She accepts her new responsibility with more than a hint of hesitation. How many people has she seen elevated to this place? How many people has she helped to get here, only to be disappointed.
But I can’t be, she explained to the nominating committee. I’m not eligible, and I don’t want it.
The last king? Yeah, he lay at the bottom of the Ichthen Ravine, north of Sithon, where had been caught – depending on who you asked – with his mistress or with the husband of his alleged mistress who was his actual lover or caught in the wrong place, accused and murdered. All anyone knew for sure was that there was only one person they trusted to take care of this mess: the one statesman who said, no way. You cannot possibly give this guy authority. At the risk of her own life and career.
King Mischa let her flee the city. He didn’t care. He won, and he knew her reputation of non-involvement. In any rate, she could never be king, because she’d made one too many enemies, crossed one too many lines.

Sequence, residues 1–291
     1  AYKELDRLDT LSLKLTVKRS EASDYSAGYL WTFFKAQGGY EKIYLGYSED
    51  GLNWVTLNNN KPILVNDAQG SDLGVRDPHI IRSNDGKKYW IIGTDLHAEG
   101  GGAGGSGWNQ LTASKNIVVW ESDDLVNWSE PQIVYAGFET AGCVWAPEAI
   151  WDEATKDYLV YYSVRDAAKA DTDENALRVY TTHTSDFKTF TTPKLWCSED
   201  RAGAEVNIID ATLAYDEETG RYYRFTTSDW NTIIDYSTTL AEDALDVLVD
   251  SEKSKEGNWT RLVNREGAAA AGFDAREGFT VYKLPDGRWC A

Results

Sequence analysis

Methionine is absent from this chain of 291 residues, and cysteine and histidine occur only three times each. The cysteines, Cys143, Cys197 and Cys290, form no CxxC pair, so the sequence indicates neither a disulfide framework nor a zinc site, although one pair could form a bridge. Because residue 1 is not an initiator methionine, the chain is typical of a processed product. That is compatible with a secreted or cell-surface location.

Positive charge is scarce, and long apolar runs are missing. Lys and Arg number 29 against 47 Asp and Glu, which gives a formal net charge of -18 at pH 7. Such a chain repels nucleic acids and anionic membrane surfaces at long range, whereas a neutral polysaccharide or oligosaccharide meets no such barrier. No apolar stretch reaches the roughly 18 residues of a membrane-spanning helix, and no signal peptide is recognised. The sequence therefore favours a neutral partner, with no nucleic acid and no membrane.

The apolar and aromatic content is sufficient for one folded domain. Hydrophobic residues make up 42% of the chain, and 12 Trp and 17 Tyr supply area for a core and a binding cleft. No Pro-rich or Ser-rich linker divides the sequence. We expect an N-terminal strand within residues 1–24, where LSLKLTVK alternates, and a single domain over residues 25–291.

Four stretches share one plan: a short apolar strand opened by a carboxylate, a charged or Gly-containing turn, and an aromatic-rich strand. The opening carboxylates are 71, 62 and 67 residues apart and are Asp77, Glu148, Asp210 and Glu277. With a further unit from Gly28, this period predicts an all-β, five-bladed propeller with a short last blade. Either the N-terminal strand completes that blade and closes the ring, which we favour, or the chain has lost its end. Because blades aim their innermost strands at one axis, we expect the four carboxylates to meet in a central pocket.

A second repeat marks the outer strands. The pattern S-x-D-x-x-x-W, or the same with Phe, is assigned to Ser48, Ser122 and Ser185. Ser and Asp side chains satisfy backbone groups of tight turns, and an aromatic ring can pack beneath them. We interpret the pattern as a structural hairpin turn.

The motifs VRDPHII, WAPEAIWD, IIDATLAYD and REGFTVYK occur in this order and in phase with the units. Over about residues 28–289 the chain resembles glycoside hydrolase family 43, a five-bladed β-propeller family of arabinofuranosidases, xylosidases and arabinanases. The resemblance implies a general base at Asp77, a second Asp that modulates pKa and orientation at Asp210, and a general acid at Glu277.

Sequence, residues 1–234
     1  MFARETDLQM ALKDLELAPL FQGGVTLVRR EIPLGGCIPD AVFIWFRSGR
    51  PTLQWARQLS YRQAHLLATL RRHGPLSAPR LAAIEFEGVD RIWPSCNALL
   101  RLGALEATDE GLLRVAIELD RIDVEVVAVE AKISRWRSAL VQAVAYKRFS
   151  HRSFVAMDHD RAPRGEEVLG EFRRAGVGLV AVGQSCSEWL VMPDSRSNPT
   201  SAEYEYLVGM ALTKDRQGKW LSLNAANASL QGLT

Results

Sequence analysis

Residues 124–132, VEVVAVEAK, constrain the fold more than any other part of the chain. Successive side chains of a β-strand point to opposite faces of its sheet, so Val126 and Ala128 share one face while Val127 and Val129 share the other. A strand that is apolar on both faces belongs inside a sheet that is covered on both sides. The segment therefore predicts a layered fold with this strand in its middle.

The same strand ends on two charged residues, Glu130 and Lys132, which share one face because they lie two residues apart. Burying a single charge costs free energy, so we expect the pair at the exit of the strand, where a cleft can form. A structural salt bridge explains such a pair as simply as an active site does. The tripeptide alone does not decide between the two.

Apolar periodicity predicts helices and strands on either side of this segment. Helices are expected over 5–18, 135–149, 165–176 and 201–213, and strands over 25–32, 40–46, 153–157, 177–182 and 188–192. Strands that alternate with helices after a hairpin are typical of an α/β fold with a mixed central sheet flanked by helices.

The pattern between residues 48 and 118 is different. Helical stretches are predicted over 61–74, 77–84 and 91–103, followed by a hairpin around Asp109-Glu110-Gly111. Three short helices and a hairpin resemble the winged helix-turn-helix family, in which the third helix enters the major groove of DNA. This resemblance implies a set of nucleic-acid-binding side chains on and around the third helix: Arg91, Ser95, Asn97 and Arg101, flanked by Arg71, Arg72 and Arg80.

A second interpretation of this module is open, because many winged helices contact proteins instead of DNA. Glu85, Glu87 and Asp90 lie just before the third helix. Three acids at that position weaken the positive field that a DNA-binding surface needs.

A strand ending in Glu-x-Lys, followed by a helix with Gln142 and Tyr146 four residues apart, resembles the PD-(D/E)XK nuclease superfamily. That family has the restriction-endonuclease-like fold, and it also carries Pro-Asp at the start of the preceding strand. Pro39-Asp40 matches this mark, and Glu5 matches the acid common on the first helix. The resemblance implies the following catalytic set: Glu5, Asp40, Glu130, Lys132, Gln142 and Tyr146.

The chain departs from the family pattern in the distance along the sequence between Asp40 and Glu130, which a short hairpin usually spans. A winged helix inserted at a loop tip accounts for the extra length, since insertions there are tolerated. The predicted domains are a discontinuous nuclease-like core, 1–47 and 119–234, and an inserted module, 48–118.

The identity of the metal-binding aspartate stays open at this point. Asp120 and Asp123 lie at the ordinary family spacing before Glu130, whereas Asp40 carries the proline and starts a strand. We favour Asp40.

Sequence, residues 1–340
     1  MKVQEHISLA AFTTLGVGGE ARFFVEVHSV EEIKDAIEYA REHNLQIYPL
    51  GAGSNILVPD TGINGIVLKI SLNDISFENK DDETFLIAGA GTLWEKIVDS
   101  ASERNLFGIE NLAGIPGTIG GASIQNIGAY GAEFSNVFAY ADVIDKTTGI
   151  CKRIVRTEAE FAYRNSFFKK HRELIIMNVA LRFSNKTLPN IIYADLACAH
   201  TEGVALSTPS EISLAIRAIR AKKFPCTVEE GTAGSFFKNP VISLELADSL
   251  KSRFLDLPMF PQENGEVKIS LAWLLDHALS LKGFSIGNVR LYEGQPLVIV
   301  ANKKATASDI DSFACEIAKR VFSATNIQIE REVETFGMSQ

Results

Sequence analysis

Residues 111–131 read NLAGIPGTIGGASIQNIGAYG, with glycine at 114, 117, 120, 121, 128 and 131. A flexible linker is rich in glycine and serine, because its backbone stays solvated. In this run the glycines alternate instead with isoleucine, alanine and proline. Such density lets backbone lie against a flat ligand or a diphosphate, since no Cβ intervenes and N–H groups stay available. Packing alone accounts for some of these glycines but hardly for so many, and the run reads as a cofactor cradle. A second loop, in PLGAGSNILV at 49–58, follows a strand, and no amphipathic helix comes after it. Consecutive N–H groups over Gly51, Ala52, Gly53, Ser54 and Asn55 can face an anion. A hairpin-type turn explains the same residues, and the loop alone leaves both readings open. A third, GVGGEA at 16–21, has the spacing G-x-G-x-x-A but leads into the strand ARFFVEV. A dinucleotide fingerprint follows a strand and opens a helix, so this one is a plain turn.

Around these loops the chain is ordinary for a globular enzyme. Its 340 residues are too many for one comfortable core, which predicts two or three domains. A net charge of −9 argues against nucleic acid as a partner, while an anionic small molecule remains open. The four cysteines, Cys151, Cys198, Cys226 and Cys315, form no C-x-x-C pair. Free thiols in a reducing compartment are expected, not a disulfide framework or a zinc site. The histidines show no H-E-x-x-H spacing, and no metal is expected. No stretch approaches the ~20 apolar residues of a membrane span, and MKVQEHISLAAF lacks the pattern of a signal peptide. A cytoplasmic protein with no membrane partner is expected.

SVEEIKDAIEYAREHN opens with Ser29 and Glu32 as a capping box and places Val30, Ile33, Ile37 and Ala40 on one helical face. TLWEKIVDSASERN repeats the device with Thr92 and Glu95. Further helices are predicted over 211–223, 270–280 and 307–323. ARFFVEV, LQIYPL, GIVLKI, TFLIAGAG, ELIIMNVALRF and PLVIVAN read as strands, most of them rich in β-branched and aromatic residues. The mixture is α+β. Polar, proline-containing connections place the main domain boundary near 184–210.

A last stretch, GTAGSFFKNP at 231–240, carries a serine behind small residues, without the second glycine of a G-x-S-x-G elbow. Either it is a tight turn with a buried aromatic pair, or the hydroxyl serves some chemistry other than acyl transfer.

Now, with our nation on the edge of war, rival factions, scrambling for the throne, it’s time to try something different. We need to find someone no one will expect, someone everyone can hate – or love – or glare at without too much thought.
Don’t give them time to think. Just act. Step into the power vacuum and take the throne.
With firm purpose, she ascends the stone steps in her brilliant, red-gold dress.
“The king has died,” they say. “Long live the king.”
Gendered language is so much fun. There are so many words that denote gender, like king and queen, priest and priestess, actor and actress. We talk as if gender were an absolute, when gender isn’t even determined “at birth” for all people. For this story, I wanted to take an alternate angle on love for, and duty to, one’s country.